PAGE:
The novel is set just after World War Two, in a fictitious Germany. The Allies have decided to punish the country for Nazi war crimes by forcing it to develop back in to a pre-industrial society. All the achievements of technology - railways, streets, power, ships - have been destroyed or suspended, and in the village where The Kitahara Syndrome is set, villagers are forced to farm the land with primative tools and scavenge scrap yards. Memories of German war crimes are kept alive by bizarre rituals of remembrance: villagers are forced to dress as concentration camp inmates and act out the ceremonies of torture. This is the background to the story which focuses on three characters and the strange links that bind them.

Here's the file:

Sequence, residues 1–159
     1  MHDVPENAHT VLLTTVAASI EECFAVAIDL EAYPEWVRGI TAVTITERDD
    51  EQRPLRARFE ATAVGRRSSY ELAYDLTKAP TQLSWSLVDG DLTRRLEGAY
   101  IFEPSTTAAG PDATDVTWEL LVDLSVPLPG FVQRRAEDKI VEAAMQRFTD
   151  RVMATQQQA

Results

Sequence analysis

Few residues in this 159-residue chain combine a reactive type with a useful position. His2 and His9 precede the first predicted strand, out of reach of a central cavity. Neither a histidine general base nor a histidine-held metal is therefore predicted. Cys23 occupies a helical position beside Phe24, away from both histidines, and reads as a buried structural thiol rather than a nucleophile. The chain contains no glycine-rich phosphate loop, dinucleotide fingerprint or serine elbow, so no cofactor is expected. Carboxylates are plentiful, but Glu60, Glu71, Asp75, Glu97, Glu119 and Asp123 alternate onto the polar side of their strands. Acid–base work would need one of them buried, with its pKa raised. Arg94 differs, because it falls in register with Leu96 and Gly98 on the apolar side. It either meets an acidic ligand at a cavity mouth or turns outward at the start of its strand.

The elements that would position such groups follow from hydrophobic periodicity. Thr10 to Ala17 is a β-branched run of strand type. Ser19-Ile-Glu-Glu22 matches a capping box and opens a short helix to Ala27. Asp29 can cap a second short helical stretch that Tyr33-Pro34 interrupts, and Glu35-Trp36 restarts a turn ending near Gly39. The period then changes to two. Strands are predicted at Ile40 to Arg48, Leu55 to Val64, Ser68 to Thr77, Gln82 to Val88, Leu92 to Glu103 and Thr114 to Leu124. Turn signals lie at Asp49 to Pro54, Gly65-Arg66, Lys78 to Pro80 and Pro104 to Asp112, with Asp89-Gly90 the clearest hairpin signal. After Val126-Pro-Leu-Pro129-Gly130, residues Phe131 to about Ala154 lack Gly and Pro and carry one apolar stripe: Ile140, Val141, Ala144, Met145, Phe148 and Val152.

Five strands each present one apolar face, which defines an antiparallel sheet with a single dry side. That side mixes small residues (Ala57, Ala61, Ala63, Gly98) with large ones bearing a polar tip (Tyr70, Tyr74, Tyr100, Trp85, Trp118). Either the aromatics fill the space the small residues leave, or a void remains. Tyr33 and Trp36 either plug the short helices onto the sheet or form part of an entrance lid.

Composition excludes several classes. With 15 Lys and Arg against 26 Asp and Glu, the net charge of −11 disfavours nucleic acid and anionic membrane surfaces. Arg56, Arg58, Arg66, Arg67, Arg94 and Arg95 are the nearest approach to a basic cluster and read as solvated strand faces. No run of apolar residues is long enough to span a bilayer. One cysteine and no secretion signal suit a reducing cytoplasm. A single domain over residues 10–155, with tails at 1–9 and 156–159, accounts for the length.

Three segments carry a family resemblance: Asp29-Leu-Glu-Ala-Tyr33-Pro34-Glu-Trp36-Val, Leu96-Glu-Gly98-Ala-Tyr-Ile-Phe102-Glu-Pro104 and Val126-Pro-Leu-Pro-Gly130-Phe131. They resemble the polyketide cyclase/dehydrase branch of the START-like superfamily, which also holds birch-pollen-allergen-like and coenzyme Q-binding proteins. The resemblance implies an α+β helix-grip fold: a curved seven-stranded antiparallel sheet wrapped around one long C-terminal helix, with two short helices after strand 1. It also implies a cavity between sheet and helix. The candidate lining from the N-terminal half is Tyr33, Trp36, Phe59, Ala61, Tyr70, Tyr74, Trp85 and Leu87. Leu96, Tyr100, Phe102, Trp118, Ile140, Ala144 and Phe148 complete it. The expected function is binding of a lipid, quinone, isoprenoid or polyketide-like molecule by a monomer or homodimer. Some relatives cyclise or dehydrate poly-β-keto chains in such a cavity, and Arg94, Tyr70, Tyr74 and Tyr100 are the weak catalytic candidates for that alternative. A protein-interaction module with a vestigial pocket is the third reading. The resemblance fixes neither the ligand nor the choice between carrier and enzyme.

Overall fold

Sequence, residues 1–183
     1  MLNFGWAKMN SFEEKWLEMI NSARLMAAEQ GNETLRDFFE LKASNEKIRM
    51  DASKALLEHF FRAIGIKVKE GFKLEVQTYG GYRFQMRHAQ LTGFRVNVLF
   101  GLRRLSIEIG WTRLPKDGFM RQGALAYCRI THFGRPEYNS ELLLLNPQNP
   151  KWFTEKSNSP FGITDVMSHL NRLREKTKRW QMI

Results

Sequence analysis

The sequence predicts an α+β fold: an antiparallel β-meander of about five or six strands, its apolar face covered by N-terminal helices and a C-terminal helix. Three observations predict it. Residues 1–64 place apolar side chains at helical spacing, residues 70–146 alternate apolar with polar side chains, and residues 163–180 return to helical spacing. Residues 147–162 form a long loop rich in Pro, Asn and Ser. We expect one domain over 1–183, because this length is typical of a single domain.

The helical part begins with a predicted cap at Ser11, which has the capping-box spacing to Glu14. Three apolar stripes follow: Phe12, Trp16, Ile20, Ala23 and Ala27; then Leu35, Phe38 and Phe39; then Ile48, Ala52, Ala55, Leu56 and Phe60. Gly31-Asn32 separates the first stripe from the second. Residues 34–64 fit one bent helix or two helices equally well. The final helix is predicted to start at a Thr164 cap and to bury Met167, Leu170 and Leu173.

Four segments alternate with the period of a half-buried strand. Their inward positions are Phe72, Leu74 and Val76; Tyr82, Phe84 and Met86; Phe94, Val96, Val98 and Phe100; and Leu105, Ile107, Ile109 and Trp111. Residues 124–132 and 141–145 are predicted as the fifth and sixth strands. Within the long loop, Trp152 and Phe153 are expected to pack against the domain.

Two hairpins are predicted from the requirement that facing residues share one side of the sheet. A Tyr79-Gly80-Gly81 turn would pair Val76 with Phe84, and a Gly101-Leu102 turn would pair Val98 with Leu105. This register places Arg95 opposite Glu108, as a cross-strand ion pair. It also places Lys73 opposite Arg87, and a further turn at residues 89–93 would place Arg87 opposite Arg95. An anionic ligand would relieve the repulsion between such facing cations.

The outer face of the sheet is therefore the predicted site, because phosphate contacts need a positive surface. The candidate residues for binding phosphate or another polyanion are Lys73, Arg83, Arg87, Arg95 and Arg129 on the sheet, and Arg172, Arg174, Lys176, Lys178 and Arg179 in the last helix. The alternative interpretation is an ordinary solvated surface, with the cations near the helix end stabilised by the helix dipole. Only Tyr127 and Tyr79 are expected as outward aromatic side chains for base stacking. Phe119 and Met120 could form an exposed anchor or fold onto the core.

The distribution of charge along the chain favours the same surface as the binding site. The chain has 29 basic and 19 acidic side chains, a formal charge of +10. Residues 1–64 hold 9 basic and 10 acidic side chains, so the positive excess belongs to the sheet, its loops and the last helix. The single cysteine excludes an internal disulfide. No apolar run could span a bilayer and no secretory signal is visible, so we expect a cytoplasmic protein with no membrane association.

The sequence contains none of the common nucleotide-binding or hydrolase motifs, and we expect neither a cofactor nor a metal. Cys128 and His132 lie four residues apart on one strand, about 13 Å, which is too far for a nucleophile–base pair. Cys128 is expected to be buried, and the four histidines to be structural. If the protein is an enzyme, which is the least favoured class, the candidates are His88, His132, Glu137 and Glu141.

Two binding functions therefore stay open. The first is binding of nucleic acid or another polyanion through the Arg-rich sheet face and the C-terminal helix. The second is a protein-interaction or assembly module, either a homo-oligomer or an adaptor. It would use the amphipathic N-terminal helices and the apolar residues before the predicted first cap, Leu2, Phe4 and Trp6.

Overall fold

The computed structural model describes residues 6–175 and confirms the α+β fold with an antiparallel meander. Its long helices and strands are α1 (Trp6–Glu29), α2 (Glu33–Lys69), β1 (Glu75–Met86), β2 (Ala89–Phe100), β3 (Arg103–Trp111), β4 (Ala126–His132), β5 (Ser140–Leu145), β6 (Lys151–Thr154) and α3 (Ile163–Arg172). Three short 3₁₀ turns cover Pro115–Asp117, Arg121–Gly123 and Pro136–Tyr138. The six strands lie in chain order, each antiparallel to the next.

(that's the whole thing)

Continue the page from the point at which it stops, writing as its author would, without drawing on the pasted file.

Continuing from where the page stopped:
American audiences may react to this highly stylized German novel the way they often react to a foreign film: impressed but puzzled. At times fierce and hallucinatory, at other times ponderous and cold, this look at post-WWII Germany presents a world where peacetime brings no relief from suffering and struggle, nor from the hovering, obliquely addressed shadow of the Holocaust. In the small town of Moor, which had harbored a concentration camp, Bering, the son of a blacksmith, has inherited his father's ability with machines, a skill much in demand due to the wreckage caused by Allied bombings and victorious marching armies. But after his mother succumbs to religious superstition, Bering leaves his family to live with the mysterious Ambras, aka the Dog King, who resides in an abandoned villa with a battalion of half-crazed hounds. Along with Lily, a young woman adept at weaponry and black marketeering, Bering and Ambras attempt to carve a life for themselves and, eventually, to leave Germany altogether. Bering suffers from an eye disease that causes his vision to darken gradually. Ransmayr's treatment of this element is emblematic of the book as a whole: it clearly bears allegorical intent, but the meaning remains murky. How complicit were the villagers in the killings that took place at the camp? Ably translated by Woods, this novel paints a convincing postapocalyptic world sent back into a nearly pre-civilized state. But Ransmayr (The Terrors of Ice and Darkness), though clearly probing the question of how Germany is to view itself in the wake of the Holocaust and WWII, never pulls his story out of his dark, expressionist atmospherics into the clear light of an answer.